Health Coaching Integration Into Primary Care for the Treatment of Obesity

Abstract

Obesity (and its related comorbidities) is one of the fastest-growing health concerns facing the United States and shows no sign of abating. The Centers for Disease Control and Prevention calculated that nearly 36% of American adults were obese in 2010 and estimates that this number will reach 44% by 2018.

The current standard of care for the management of patients with obesity in primary care is often a general recommendation by the physician to lose weight through improved nutrition and increased physical activity. Educational materials may be provided along with a referral to a dietician, nutritionist, or weight management program. Health coaching as an obesity intervention has yet to be fully integrated into primary care practice but has proven to be effective in corporate wellness and behavioral weight loss programs.

Key Words: Obesity, case report, health coaching

INTRODUCTION

Obesity (and its related comorbidities) is one of the fastest-growing health concerns facing the United States and shows no sign of abating. The Centers for Disease Control and Prevention calculated that nearly 36% of American adults were obese in 2010 and estimates that this number will reach 44% by 2018.

The current standard of care for the management of patients with obesity in primary care is often a general recommendation by the physician to lose weight through improved nutrition and increased physical activity. Educational materials may be provided along with a referral to a dietician, nutritionist, or weight management program. Health coaching as an obesity intervention has yet to be fully integrated into primary care practice but has proven to be effective in corporate wellness and behavioral weight loss programs.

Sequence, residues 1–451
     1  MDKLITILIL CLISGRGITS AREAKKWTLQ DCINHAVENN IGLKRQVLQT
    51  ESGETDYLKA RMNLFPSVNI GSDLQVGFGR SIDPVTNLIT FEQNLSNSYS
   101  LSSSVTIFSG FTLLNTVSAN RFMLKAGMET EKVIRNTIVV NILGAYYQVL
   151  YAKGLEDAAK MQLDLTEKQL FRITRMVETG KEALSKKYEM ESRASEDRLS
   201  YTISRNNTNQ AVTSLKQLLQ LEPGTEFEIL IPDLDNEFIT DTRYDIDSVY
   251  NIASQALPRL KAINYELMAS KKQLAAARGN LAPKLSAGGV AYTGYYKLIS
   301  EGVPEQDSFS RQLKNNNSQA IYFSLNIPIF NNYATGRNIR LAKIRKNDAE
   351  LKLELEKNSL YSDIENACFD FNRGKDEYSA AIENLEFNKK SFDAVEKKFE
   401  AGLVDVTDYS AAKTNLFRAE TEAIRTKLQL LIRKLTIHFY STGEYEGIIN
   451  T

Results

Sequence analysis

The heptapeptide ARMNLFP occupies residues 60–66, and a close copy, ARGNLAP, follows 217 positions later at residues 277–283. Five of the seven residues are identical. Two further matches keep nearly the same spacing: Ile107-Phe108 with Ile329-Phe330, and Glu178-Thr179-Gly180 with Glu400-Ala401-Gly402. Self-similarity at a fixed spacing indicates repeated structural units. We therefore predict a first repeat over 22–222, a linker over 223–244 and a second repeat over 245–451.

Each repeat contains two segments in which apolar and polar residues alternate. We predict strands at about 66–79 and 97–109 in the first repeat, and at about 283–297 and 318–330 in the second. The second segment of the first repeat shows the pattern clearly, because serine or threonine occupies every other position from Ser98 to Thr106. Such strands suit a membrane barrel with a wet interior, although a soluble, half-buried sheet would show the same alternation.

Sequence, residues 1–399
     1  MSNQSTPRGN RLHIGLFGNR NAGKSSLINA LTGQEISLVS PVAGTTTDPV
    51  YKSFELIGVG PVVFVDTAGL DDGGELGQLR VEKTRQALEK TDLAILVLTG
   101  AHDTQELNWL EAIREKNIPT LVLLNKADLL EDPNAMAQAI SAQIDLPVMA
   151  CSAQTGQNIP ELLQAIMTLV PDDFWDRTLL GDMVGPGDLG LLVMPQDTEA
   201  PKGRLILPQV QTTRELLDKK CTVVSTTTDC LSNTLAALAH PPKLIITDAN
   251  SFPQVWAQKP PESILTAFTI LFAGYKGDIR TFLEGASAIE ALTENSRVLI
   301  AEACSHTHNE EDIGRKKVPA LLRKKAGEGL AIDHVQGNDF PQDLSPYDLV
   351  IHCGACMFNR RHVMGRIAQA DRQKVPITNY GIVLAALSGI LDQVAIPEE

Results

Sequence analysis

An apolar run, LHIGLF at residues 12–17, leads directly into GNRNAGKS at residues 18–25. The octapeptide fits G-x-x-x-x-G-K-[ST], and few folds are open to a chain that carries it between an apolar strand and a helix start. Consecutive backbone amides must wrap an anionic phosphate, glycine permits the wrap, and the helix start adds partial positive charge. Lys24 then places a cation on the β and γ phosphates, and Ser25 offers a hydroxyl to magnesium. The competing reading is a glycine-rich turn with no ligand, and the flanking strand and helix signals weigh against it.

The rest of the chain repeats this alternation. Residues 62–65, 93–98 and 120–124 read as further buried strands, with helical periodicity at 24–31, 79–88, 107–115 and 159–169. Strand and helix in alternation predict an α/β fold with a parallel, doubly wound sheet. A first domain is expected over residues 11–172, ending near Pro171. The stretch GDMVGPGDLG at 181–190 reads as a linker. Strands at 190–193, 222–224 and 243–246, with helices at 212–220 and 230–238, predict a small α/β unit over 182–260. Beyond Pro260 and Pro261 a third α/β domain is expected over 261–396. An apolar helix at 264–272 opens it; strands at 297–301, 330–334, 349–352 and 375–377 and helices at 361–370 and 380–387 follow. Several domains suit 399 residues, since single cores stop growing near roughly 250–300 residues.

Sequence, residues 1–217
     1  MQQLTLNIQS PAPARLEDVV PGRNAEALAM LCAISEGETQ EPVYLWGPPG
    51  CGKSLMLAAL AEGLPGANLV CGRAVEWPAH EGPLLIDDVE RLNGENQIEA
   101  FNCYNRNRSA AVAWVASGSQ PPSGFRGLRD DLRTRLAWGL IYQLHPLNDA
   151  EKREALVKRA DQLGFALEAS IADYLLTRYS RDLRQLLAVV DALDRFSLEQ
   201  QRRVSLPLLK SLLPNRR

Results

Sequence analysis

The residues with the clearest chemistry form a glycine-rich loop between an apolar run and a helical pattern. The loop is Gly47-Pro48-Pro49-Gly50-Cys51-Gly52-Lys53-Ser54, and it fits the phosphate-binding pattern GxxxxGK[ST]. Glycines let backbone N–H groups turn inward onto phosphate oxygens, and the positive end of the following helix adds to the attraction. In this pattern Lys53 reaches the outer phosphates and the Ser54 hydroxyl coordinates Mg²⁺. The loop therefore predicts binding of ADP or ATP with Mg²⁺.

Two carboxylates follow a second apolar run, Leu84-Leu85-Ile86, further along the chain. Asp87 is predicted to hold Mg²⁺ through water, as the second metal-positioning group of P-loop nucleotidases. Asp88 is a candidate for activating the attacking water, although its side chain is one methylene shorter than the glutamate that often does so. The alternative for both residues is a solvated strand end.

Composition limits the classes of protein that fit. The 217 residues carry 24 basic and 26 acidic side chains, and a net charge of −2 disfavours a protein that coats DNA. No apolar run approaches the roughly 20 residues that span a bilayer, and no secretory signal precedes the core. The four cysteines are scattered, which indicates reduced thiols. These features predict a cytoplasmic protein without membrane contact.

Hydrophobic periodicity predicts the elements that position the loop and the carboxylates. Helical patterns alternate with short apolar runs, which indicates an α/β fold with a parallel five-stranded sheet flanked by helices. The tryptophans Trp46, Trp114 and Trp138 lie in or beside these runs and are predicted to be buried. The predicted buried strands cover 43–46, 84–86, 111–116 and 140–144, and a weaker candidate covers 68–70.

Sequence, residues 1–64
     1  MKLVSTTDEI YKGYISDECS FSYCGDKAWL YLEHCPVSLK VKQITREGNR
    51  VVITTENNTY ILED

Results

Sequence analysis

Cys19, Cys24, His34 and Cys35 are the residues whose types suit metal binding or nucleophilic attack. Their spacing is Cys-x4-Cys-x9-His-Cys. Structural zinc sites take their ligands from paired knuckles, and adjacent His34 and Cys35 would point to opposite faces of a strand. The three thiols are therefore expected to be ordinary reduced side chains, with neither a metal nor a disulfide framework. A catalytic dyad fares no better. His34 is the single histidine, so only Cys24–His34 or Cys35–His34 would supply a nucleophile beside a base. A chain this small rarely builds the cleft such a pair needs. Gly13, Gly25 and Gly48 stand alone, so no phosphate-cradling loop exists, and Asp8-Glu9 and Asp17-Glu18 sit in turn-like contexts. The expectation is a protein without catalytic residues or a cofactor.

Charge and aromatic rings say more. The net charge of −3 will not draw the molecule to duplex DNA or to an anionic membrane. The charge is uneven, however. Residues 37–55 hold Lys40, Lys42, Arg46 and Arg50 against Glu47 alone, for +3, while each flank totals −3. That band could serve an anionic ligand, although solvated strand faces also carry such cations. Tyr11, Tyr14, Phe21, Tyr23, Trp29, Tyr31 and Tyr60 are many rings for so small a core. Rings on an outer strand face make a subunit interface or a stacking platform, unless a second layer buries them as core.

The Ambulatory Practice of the Future (APF) at Massachusetts General Hospital (MGH), Boston, puts the patient at the center of a highly collaborative team focusing on wellness and prevention while providing acute and chronic care. A major component of the partnership is the engagement of the patient in setting personal wellness goals and the use of health coaches. Health coaches enable meaningful patient participation and create a context that allows the primary care team to understand wellness and disease from the patient’s perspective.

THE CASE

A 34-year-old pediatrician who had been over-weight since the third grade and obese since high school was referred to health coaching for weight loss. He reached his maximum weight of 265 lbs (body mass index [BMI] 38) at the age of 29 years, during his residency. Despite his own efforts to lose weight by improving his diet and incorporating regular exercise, he often felt hopeless: “Even when I worked hard and lost 20 to 30 lbs, I would still feel fat, so I just stopped trying to diet.”As a new patient to APF, he was referred for health coaching.